Yes, the major sources of change would be as you would expect in Brazil and the U.S. So they would be our two JV’s with the Randons in the Brazilian market, one in the breaking area and one in trailers, and then obviously the Meritor Wabco JV and our Mexican JV, Sisamex. So those are the big JV’s with probably a lesser extent of an impact from our Indian JV, AAL and our Chinese JV was roughly flat.

Brian Johnson - Barclays Capital

Okay, so when you think about sequential or year-over-year incremental margins, because that’s a significant driver, how should we think about kind of teasing that out when we think about the volume effect on EBITDA?

Jay Craig

The earnings tend to move pretty well correspondently to the movement in markets. So our expectation as you can see from our guidance is that for example the Brazilian market strengthened sequentially throughout the year. So I think we expect and you should expect that the two JV’s in Brazil and performance should improve throughout the year as well.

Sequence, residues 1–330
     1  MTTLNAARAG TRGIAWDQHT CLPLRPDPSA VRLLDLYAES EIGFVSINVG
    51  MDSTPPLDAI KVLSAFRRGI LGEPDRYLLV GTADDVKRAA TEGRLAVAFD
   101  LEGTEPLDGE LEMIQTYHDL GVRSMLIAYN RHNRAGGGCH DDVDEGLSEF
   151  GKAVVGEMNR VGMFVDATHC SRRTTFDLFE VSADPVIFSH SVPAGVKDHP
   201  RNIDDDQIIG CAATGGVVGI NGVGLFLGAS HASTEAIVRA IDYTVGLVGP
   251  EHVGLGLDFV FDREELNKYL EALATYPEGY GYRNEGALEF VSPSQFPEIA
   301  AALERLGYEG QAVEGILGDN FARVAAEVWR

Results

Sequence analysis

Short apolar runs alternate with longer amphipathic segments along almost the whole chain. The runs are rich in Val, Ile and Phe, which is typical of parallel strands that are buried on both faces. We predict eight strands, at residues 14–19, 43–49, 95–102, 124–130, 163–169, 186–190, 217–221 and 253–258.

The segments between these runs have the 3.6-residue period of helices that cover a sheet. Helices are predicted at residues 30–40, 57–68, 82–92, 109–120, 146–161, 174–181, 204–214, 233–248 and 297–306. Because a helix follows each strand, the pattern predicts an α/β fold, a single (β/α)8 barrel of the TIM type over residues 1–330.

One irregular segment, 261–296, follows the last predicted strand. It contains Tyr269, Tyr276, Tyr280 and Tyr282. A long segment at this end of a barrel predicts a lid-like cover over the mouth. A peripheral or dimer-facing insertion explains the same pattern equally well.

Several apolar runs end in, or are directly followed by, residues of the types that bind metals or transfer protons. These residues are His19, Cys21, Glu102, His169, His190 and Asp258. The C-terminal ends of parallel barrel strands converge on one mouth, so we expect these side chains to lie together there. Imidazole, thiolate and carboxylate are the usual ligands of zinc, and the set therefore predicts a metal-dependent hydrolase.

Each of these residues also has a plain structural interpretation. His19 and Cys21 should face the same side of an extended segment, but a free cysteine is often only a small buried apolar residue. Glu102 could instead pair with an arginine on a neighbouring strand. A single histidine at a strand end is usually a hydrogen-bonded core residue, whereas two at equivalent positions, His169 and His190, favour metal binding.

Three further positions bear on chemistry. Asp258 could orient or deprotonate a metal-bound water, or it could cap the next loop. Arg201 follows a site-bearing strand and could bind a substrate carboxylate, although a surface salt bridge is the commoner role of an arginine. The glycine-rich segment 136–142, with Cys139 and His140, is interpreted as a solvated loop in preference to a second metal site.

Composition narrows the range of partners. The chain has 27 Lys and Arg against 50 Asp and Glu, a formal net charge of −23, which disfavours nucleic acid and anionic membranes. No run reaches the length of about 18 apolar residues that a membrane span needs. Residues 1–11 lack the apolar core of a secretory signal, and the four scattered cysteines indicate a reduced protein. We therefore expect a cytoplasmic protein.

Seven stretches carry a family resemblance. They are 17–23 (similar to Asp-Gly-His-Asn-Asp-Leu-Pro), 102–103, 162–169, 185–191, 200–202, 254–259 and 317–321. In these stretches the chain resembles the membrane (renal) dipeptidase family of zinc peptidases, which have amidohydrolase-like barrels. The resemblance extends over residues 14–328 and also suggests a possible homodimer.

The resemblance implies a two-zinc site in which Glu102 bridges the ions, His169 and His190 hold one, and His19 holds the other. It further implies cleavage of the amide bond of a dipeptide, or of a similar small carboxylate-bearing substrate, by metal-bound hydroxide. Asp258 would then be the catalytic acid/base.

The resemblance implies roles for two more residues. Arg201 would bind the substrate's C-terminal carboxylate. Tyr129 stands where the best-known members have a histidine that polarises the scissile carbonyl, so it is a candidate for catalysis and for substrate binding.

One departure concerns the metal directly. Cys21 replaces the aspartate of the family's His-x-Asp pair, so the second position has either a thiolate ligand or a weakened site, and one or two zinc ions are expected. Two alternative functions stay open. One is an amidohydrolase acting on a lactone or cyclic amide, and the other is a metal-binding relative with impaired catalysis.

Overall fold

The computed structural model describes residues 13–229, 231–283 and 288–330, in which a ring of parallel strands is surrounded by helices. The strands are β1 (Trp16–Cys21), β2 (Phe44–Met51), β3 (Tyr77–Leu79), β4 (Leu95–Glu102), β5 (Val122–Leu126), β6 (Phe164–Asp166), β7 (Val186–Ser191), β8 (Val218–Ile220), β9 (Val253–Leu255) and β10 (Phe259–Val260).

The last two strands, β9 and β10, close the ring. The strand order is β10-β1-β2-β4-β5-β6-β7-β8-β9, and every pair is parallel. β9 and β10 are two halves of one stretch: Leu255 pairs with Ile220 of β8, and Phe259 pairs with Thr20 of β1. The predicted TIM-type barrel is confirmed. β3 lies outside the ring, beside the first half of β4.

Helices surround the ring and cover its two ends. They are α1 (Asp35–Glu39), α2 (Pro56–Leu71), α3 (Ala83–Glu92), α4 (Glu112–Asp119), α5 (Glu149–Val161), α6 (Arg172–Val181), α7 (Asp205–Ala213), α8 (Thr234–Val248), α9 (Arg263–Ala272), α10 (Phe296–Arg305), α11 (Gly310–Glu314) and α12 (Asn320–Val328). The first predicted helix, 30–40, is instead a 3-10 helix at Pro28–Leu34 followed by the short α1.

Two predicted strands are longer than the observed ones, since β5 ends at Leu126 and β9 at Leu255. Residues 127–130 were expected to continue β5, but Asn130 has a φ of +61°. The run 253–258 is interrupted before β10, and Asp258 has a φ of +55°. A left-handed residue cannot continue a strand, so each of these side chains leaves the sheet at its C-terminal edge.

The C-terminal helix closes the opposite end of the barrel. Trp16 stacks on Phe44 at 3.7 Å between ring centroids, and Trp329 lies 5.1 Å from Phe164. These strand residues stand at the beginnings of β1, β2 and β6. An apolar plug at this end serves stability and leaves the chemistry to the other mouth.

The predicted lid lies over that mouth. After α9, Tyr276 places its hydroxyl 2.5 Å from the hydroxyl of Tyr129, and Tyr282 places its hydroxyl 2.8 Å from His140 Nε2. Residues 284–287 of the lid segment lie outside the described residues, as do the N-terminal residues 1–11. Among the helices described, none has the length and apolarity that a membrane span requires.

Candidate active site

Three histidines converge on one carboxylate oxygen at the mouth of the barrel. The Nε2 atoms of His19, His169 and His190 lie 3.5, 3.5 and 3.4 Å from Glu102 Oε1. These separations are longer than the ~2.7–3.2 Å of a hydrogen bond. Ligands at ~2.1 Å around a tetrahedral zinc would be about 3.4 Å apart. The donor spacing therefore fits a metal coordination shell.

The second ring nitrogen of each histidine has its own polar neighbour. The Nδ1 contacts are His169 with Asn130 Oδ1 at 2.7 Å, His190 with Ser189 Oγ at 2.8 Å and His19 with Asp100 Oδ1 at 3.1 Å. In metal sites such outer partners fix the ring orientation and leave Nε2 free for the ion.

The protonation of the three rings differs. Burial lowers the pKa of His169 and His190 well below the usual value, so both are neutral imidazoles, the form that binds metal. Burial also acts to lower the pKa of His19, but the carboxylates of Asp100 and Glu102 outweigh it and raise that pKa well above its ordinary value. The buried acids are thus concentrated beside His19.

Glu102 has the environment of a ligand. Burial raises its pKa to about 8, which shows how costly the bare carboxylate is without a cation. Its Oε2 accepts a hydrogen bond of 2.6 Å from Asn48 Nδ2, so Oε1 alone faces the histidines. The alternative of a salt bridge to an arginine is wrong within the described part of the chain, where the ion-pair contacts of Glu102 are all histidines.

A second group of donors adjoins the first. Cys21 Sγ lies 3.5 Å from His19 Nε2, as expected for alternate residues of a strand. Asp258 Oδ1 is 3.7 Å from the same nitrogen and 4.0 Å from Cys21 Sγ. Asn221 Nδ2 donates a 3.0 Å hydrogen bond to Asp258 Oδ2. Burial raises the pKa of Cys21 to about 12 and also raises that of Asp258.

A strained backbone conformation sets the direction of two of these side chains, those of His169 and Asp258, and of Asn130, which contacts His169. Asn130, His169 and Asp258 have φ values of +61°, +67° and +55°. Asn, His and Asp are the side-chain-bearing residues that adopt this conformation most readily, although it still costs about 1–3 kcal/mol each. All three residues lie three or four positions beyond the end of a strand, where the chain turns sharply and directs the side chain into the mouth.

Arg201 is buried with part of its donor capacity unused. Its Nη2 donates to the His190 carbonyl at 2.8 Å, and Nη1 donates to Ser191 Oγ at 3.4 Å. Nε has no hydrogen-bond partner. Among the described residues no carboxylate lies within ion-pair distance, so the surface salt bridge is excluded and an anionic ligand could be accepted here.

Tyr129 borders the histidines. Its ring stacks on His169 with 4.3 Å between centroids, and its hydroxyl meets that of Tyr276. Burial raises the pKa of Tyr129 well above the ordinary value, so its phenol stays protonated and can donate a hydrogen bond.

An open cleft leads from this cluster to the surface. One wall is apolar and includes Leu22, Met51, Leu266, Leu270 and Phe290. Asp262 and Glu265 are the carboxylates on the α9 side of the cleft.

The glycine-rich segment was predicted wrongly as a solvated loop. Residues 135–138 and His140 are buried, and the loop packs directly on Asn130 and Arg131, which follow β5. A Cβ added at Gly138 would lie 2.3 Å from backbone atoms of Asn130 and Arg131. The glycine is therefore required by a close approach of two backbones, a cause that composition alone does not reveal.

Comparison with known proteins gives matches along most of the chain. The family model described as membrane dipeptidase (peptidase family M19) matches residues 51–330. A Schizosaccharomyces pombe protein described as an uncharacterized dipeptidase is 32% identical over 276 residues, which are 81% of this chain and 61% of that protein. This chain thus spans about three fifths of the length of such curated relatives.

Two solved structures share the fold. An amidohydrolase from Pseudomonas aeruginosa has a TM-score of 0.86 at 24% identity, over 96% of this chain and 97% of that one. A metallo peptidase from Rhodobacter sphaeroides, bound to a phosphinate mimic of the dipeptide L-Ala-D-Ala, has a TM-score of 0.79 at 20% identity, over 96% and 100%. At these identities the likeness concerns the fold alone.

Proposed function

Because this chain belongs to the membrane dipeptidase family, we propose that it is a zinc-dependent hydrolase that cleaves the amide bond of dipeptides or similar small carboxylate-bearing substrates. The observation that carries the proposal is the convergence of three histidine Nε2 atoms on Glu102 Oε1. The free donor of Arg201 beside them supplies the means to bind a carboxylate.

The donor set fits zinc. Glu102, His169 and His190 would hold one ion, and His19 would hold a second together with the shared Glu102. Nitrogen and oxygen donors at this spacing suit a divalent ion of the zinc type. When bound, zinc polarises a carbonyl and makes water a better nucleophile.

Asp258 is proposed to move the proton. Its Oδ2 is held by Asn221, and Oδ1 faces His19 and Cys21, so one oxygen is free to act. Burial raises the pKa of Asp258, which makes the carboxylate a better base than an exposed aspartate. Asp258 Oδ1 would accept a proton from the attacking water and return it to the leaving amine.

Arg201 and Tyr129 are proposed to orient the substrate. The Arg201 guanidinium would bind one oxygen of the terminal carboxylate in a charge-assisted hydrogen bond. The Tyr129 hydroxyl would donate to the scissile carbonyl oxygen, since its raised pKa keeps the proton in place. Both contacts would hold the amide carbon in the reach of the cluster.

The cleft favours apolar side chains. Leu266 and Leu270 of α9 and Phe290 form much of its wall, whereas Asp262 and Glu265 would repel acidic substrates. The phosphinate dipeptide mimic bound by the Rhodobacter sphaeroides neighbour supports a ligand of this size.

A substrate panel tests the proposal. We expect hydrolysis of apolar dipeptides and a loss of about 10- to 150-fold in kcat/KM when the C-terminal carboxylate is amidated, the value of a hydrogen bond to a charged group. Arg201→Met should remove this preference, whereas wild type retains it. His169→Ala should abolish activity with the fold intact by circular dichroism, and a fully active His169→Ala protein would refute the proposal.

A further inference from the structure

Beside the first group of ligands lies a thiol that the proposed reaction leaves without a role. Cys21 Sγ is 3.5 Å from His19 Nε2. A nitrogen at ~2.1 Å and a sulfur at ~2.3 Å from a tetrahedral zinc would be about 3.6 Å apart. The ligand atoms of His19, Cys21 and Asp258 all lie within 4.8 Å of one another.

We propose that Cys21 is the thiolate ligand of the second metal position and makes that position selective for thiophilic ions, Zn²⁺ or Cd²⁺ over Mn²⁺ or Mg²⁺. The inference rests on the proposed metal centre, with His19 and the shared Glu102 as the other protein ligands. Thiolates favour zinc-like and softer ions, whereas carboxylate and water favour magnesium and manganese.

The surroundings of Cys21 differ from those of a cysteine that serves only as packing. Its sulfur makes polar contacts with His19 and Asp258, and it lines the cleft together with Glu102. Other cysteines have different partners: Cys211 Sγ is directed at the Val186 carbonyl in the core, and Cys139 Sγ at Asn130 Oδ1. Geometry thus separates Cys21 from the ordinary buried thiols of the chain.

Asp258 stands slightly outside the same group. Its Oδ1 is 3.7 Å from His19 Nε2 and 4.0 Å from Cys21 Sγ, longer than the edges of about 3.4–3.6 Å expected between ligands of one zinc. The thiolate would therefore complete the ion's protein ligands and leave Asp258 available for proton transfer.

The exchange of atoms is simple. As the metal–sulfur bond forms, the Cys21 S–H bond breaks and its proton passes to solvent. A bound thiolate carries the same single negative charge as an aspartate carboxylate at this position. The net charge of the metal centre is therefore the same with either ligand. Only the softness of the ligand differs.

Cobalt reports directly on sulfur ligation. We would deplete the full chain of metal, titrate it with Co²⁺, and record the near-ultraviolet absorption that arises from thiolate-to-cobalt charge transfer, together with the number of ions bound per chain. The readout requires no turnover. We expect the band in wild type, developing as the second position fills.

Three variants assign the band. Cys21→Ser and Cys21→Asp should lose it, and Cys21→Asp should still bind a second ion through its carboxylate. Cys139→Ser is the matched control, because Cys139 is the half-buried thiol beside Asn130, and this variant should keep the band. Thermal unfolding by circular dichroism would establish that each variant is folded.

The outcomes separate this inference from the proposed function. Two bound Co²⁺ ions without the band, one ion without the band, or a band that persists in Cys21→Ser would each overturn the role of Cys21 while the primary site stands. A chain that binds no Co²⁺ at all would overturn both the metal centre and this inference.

That is also our assumption in North America Truck, the strengthening in the back half of the year, so you should expect our JV’s there to perform more strongly as the year progresses.

Brian Johnson - Barclays Capital

Okay, thanks.

Jay Craig

Thank you.


Your next question comes from the line of Brett Hoselton from KeyBanc Capital Markets. Please proceed.

Brett Hoselton - KeyBanc Capital Markets

Good morning.

Jay Craig

Good morning Brett.

Brett Hoselton - KeyBanc Capital Markets

Let’s see here. Yes, just kind of tailing onto Brian’s question, maybe kind of taking it from a little bit different tact, I guess my first question is cadence of sales through the remainder of the year. If I take $3.8 billion divided by 4, I get $950 million. Obviously you are at $890 million for this quarter and so the expectation seems to be that your sales are going to improve as you move through the year. So can you talk a little bit about the cadence of production and the cadence of sales as you move through the year?